[Attribute] Routing in ASP.Net MVC 5 / WebAPI 2 (Part II)


In my last post I have discussed about the attribute routing and I believe that was quite enough to get started with the new featured offered both by MVC5 and WebAPI 2. In this post I will keep digging the same topic and together we will explore how we could impose certain constraints to get more control over routing.

Imposing Constraints

Imposing Constraints restrict how the parameters in the route template are matched. In the last post, I have shown how to search certain employee by their id. Now, lets say we also want the end user to search employee by Name. Also assume different view have be render in that case.

home/3 <–render “View A”
home/shahriar <–render “View B”

What we can do is to add another ActionResult which receives a string parameter. But only doing so does not solve our problem. We have to explicitly define and impose certain constraints to let the routing framwork work perfectly.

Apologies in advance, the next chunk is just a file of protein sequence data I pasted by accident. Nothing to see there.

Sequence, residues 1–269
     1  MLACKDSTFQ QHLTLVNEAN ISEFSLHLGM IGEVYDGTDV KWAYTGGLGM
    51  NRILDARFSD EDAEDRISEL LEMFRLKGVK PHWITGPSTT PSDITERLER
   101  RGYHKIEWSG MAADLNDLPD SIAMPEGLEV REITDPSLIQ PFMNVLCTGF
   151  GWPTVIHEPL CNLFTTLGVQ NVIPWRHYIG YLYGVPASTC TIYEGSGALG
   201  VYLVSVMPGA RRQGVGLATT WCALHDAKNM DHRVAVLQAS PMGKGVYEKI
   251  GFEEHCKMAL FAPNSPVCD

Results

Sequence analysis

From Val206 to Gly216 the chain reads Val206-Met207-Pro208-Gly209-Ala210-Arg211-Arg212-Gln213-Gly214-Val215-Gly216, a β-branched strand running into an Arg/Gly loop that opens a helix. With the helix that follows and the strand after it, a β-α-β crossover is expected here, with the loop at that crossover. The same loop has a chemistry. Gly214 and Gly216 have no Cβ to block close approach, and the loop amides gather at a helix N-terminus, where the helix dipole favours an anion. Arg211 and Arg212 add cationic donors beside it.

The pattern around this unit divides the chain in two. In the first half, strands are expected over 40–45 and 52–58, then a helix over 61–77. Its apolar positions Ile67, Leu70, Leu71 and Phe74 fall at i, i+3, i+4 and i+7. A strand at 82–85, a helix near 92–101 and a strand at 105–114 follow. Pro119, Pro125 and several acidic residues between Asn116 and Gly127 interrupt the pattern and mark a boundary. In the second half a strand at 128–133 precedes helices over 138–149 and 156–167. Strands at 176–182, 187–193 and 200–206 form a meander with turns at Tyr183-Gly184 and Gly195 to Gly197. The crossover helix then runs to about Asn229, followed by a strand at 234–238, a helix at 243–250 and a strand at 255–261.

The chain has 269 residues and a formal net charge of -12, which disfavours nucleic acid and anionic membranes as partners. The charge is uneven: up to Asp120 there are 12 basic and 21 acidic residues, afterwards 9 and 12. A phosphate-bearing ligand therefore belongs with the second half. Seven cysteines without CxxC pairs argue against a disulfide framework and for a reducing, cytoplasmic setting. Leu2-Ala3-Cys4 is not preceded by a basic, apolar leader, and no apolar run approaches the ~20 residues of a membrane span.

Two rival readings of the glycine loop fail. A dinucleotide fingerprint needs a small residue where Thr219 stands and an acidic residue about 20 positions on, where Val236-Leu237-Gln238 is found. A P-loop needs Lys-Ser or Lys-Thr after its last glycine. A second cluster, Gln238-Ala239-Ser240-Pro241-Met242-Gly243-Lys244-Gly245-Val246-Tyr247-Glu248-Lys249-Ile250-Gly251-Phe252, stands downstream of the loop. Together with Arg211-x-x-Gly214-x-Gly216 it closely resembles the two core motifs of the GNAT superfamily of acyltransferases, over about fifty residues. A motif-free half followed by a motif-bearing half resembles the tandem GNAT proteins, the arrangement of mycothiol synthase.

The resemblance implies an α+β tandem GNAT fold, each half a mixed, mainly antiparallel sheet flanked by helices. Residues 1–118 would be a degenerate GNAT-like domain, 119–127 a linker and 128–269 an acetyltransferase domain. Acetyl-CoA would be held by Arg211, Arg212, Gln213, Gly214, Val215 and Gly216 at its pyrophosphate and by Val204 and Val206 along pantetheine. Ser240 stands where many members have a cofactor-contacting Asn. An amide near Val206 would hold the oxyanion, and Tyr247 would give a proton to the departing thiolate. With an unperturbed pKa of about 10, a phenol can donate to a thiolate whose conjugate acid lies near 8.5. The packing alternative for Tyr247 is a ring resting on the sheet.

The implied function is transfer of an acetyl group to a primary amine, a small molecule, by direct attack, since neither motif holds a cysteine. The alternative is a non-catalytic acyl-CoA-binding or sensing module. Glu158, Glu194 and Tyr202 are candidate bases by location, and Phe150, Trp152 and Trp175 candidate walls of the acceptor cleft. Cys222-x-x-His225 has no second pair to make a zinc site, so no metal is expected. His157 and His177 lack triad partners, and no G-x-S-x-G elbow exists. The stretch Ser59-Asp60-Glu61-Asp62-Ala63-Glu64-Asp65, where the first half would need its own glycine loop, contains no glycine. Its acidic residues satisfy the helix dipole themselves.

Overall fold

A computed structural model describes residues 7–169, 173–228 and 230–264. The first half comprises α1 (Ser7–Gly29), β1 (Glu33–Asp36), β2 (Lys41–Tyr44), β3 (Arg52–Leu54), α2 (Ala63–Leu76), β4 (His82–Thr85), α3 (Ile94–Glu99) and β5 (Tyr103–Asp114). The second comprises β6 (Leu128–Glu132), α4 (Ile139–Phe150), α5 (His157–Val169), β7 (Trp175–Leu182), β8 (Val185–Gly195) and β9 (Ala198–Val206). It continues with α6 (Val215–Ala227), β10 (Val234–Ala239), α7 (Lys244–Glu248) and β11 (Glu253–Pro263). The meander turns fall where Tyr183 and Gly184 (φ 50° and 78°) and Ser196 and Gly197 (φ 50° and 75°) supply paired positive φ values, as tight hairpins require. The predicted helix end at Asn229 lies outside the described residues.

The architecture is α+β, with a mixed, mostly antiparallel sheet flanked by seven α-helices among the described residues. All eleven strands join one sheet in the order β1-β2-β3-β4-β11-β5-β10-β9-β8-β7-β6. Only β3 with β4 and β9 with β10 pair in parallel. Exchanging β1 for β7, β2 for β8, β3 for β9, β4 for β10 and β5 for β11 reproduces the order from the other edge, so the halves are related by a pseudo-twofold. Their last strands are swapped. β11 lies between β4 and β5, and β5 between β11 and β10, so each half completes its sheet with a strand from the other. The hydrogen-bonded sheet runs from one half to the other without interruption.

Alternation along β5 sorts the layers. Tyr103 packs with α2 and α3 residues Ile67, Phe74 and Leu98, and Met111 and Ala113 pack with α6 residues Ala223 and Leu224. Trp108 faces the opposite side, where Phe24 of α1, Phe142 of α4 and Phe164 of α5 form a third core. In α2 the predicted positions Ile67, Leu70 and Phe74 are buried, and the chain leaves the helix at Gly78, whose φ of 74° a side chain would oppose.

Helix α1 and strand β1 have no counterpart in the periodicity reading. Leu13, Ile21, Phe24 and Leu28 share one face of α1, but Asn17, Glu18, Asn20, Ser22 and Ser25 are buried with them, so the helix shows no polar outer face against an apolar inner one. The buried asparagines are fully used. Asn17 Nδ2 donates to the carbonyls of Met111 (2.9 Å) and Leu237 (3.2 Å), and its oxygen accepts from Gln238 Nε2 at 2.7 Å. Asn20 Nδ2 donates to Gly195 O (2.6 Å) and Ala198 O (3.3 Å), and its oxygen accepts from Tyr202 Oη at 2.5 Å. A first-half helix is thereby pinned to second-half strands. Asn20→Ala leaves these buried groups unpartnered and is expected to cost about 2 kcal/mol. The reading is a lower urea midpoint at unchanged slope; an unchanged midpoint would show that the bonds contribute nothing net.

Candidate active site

Notice the route carefully. In both cases routing framework hits the home controller and then based on the action parameter received it renders different view. If we just don’t explicitly tell the routing framework to impose certain constraints it just can’t fly you(the viewer) to the the appropriate action.

The general syntax for imposing certain constraint is {parameter:constraint}.

public class HomeController : Controller
      [Route("home/{id? : int}")]
      public ActionResult Employee(int id)
           //Logic goes here